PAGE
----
#TurnLeft .face {
	position: absolute;
	width: 100%;
	height: 100%;
	-webkit-backface-visibility: hidden;
	-webkit-transform-style: preserve-3d;
	-webkit-transition: all .5s ease-in;
	-webkit-box-sizing: border-box
	text-align: center;
}
#TurnLeft .face.front {
	background-color: #fffccf;
	background-image: -webkit-gradient(linear, left top, right top, from(rgba(197, 204, 212, 0.5)), color-stop(0.75, rgba(197, 204, 212, 0.5)), color-stop(0.75, transparent), to(transparent)); 
	-webkit-background-size: 5px 100%;
	-moz-background-size: 7px 100%;
	-webkit-transform-origin: 0% 0%;
	-webkit-transform: rotateY(0deg);
}
#TurnLeft .face.back {
	-webkit-transform: rotateY(180deg);
	-webkit-box-sizing: border-box;
	background-color: rgba(122,137,212,0.25);
	-webkit-transform-origin: 0% 0%;
}
#TurnLeft .face.front.turnLeft  {
	-webkit-transform: rotateY(-180deg);	
}
#TurnLeft .face.back.turnLeft {
	-webkit-transform: rotateY(0deg);	
}

So, once again we can trigger the turn page left effect by adding and removing the “turnLeft” class to the necessary elements.

Lastly, we’ll look at how to do a swing back and down effect. Notice that we’re not rotating on the y-axis but on the x-axis. This causes the elements to rotate on their x-axis:


#SwingBack .card {
	min-height: 100%;
	-webkit-perspective: 500;
}
#SwingBack {
	height: 100%;
	background: #cbd2d8;background-image: -webkit-gradient(linear, left top, right top, from(#c5ccd4), color-stop(0.75, #c5ccd4), color-stop(0.75, transparent), to(transparent)); 
	-webkit-background-size: 6px 100%;
}
#SwingBack .face {
	position: absolute;
	width: 100%;
	height: 100%;
	-webkit-backface-visibility: hidden;
	text-align: center;
	-webkit-transform-style: preserve-3d;
	-webkit-transition: all .5s ease-in-out;
	-webkit-box-sizing: border-box
}
#SwingBack .face.front {
	background-color: #fffccf;
	background-image: -webkit-gradient(linear, left top, right top, from(rgba(197, 204, 212, 0.5)), color-stop(0.75, rgba(197, 204, 212, 0.5)), color-stop(0.75, transparent), to(transparent)); 
	-webkit-background-size: 5px 100%;
	-moz-background-size: 7px 100%;
	-webkit-transform-origin: 0% 0%;
	-webkit-transform: rotateX(0deg);
}

#SwingBack .face.back {
	background-color: #fffccf;
	background-image: -webkit-gradient(linear, left top, right top, from(rgba(197, 204, 212, 0.5)), color-stop(0.75, rgba(197, 204, 212, 0.5)), color-stop(0.75, transparent), to(transparent)); 
	-webkit-background-size: 5px 100%;
	-moz-background-size: 7px 100%;
	-webkit-transform: rotateX(180deg);
	-webkit-box-sizing: border-box;
	-webkit-transform-origin: 0% 100%;
}
#SwingBack .face.front.swingBack  {
	-webkit-transform: rotateX(-180deg);	
}
#SwingBack .face.back.swingBack {
	-webkit-transform: rotateX(0deg);	
}

And here’s a working example online, or you can download the source. Enjoy.

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Speeding Up CSS3 Transforms on Mobile

In my previous post about making a standalone single file Web app, there was a gotcha. The demo worked fine on the desktop, but the performance was abysmal on mobile. The nice, animated transitions were chopping, stuttering and sometimes simply jump from start to finish. To a certain extent I could understand why. A mobile browser is pretty limited by the hardware it’s running on. But in general webkit mobile browsers seems very capable.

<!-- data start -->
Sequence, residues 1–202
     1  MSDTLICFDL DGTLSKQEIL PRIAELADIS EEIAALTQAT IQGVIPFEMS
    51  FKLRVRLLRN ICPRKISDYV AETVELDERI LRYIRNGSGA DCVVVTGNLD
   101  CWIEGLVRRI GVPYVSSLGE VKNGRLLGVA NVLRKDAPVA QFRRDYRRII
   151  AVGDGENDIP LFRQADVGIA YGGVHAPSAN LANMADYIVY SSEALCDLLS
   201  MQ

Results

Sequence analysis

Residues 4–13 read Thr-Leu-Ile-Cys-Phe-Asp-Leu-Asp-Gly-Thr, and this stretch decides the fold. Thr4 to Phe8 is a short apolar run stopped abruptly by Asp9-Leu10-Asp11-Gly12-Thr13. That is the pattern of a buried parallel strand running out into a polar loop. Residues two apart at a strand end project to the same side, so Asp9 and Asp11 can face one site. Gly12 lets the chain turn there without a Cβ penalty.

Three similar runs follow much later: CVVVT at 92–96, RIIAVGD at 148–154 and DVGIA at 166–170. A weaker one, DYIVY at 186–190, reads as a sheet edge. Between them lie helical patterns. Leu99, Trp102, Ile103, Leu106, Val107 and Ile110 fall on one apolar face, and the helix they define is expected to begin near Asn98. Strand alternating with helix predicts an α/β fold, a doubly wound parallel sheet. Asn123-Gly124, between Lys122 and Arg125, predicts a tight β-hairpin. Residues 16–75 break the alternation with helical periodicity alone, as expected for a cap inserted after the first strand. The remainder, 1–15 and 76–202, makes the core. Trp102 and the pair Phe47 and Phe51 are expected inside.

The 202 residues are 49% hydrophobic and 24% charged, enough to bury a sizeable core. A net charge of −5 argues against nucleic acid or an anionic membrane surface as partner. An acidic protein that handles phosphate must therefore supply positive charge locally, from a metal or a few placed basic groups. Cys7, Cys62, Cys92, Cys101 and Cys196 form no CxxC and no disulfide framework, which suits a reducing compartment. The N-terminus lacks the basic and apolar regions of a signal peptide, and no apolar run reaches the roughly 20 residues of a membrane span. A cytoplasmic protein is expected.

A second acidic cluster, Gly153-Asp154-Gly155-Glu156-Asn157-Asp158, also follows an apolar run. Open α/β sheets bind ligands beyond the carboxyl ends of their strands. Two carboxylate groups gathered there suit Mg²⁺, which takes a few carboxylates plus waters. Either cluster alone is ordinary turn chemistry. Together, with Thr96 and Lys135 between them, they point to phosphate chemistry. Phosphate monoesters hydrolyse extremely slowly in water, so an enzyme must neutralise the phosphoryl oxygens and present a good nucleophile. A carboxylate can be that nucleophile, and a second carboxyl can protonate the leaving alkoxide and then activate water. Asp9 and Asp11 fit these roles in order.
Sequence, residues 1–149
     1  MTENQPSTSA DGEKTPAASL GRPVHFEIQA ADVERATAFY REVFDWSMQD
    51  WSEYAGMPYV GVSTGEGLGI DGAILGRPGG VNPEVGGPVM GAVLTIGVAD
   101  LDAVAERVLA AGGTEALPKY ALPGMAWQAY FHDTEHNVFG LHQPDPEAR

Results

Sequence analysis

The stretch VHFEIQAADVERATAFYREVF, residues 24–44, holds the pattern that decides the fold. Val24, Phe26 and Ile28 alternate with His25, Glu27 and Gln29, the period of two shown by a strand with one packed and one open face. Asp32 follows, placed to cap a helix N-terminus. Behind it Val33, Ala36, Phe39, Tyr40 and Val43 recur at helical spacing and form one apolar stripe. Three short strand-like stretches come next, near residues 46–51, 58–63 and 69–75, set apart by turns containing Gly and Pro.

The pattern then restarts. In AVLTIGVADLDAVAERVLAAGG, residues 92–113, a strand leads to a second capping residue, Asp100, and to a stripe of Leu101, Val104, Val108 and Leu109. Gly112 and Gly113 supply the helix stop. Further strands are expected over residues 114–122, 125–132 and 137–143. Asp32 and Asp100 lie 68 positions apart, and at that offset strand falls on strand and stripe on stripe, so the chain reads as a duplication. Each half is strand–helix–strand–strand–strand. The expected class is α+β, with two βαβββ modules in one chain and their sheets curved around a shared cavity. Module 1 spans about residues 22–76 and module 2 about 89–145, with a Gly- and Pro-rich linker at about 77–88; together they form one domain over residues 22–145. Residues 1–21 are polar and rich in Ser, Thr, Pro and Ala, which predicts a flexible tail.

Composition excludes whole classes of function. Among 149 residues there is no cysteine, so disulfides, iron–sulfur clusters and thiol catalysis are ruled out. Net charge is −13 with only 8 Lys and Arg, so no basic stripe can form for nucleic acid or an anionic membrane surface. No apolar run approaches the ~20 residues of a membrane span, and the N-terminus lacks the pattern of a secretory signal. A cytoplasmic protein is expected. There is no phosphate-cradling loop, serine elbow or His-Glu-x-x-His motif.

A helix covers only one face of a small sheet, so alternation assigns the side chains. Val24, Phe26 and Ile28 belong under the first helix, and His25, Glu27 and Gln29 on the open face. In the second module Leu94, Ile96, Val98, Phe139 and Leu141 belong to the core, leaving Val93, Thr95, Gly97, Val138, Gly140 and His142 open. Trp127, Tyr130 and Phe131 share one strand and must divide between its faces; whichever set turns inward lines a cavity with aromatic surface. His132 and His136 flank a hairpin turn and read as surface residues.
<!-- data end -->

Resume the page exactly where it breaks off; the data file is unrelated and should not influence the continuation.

I did some research on transform and learned something. Whereas 2D transforms are render by the browser, 3D transforms are hardware excellerated. I went back to my CSS and updated it to use 3D transforms, leaving the z value at 0. When I uploaded this to the server and hit it from my phone, voilá, I got the smooth sliding transforms on mobile that I was expecting. So, if you’re going to do a traslate, rotate or skew, use the 3D version. Just leave the z value at 0. For example, previous I was using CSS3 like this to move something:

article {
    -webkit-transform: translate(100%, 0%);
}

This would work fine on the desktop, but was terrible on mobile. In the above example the first value is for the x or horizontal position and the second is the y or vertical. Since the x value is 100% it would move the element 100% to the right.

By using 3D transforms I could get decent performance on mobile handsets:

article {
    -webkit-transform: translate3d(100% ,0%, 0%);
}

If you’re only doing 2D transforms, leave the last, third value at 0%. This will be off-loaded to hardware for rendering, giving you the performance you would expect on phone and tablets. I’ve updated the example code online to use the 3D transforms, which you can download.

Creating a Web App From a Single HTML5 Document

Works with Safari, Chrome, iPhone, iPad, Adroid

Because the focus of this blog is about CSS3 and HTML5, I will only be discussing their implementation on browsers that support these. If you’re using IE6, IE7 or IE8, you’re out of luck. These are very backwards as far as support for present day Web technologies are concerned. I’ll mostly be looking at the developments taking place on Safari/Chrome/Firefox/Opera. And if the IE team can ever ship IE9, we’ll include that as well.